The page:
Cant get a flu shot? Just ask Congress

Published 12:00 am Sunday, September 17, 2006

Oh, sweet mother o&8217; mine. I cannot believe what I just read.

The elderly and high-risk are dying while standing in line just to get a flu shot. Heart patients are entering lotteries just to get the vaccine.

I just found out this week that although, as an expectant mom, it would be a good idea for me to get a flu shot, my chance of getting one is approximately equal to my chances of going to the moon.

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And the latest news, gentle reader, is absolutely the very last straw.

According to a Wednesday Associated Press article, Senate Major Leader Bill Frist, R-Tenn., allowed his Capitol Hill office to be used as a makeshift clinic for giving flu shots to senators.

&8220;That was two days after federal officials announced there would be a severe shortage this year and urged healthy adults to forgo shots so that children, the chronically ill and people 65 and older could get vaccinated,&8221; the article read. &8220;Those are the groups considered most at risk of serious complications from the flu.&8221;

I want to know if our delegation received the shots.

For the record: Bush didn&8217;t receive a shot. Neither did Kerry, Edwards, Nancy Pelosi and Tom Daschle. Cheney did, but as a person with a history of heart disease he probably needs one, so that doesn&8217;t score outrage with me.

Frist, however, scored a shot, as well as Dennis Hastert and Treasury Secretary John Snow.

Supreme Court spokespeople didn&8217;t know whether the justices had had their shots yet. But every one of them, with the exception of Clarence Thomas, are elderly and, therefore, in the group urged to get the shots.

I&8217;ll bet this computer (it&8217;s not mine anyway) they won&8217;t have to stand in line should they choose to get it, though.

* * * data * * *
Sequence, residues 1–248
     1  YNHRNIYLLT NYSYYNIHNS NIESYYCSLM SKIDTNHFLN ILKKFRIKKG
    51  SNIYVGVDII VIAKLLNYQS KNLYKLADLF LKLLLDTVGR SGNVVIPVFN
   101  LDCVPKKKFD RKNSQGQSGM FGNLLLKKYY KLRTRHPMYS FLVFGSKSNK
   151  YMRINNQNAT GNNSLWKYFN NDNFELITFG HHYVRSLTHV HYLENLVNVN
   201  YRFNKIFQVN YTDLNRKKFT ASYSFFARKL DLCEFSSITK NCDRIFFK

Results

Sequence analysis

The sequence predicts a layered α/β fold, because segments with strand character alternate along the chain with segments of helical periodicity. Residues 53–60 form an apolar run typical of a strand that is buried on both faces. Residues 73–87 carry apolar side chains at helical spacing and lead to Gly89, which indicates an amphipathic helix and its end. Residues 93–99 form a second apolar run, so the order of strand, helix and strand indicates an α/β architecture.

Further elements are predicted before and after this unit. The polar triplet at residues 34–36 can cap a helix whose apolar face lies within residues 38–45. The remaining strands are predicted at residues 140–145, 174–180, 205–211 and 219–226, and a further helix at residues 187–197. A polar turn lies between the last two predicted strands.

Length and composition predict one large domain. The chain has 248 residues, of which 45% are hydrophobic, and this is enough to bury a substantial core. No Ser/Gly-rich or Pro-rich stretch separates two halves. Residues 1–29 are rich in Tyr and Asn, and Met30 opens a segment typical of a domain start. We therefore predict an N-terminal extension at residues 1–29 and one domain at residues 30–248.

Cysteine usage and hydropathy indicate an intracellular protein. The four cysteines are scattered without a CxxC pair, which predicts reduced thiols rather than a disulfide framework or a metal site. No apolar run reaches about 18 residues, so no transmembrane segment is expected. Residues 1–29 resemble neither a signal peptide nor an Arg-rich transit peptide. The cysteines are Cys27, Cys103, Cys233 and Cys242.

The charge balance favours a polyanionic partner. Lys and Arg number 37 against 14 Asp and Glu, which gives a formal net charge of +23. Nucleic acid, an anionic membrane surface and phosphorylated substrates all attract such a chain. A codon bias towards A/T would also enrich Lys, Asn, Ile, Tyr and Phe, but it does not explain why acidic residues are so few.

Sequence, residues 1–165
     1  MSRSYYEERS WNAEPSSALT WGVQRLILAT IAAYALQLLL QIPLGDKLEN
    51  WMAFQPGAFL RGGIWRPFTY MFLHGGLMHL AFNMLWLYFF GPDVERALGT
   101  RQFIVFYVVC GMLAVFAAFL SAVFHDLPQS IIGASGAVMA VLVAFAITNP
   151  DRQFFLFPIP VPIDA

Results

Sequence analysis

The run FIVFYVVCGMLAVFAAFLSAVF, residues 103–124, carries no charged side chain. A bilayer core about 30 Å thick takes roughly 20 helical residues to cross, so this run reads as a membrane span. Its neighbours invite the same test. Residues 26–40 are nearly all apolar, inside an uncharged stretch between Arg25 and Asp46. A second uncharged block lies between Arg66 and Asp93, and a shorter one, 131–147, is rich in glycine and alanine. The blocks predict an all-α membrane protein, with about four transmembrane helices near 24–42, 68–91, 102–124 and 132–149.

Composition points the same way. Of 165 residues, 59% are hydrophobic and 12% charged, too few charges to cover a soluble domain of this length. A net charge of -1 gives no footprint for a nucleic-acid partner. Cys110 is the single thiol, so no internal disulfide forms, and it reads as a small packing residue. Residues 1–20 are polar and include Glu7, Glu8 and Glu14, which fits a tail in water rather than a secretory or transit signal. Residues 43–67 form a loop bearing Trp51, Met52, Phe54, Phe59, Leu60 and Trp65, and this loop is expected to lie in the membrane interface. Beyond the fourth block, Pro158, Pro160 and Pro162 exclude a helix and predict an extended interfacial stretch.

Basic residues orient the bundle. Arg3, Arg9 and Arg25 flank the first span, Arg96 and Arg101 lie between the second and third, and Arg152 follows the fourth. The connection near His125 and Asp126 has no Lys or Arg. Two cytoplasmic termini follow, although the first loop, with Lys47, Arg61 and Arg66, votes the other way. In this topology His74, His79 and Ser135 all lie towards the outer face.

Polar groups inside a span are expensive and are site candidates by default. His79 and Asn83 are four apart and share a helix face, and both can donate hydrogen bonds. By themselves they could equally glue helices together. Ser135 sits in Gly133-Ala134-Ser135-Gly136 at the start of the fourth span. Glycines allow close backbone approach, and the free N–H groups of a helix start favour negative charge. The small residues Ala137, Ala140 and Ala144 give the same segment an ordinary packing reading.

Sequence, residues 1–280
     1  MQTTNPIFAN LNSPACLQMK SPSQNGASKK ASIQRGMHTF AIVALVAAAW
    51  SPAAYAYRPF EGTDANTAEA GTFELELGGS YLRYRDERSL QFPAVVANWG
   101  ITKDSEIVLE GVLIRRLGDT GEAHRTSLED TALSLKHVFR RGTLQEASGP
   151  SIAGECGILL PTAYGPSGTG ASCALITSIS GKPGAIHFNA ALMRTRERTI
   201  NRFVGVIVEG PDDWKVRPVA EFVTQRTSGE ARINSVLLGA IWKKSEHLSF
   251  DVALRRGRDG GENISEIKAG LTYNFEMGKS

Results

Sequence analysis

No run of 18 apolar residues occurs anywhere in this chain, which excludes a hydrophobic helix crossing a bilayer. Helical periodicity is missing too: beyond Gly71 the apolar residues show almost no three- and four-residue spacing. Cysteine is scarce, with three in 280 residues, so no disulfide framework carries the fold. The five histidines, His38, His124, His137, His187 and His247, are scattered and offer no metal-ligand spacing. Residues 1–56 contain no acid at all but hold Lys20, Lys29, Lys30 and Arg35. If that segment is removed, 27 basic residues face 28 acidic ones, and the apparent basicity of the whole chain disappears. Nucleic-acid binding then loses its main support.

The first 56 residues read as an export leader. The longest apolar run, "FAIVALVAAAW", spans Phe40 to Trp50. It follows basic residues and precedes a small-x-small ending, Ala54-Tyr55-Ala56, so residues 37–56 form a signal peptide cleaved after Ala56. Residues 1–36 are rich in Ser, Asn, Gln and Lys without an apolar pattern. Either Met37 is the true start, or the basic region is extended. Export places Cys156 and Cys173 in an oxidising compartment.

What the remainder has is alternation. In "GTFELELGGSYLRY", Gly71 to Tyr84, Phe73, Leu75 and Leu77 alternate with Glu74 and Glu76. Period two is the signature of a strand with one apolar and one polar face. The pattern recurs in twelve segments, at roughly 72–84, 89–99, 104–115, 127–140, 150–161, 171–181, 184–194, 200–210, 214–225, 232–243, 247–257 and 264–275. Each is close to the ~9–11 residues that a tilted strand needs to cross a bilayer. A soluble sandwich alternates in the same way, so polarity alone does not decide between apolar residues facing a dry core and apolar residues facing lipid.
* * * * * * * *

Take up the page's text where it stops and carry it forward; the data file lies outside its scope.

Meanwhile, according to the AP, one New York City suburb set up a lottery this week to award 300 flu vaccine doses.

One lottery player, asthma patient Kathy Johnson, was quoted as saying &8216;&8216;they get everything that they want, and we&8217;re just the little peons that work for them.&8221;

You&8217;re not even Southern, Kathy, and I still like the way you think.

Then think about this, Kathy: Your tax dollars are paying for the flu shots those senators and congressman are getting. And not just the older or sicker ones, I&8217;ll wager.

One bright spot: They can use the time they aren&8217;t spending sick with the flu to come up with ways the government could help curb this type of vaccine shortage in the future. It is, after all, a public health concern.

There&8217;s a good use of my tax dollars.

Whew. I feel better.

But it took valuable space away from the topic I was going to write about originally &8212; the people who say there&8217;s nothing to do in Natchez and then ride my bumper or cut me off in traffic in a mad attempt to get where they&8217;re going.

Maybe they&8217;re all rushing their grandmothers to the clinic to get flu shots, but I seriously doubt it.

A word of advice to them, though: Pregnant women are twice as likely to slam on brakes.

Nita McCann

is city editor of The Democrat. She can be reached at 601-445-3554 or by e-mail at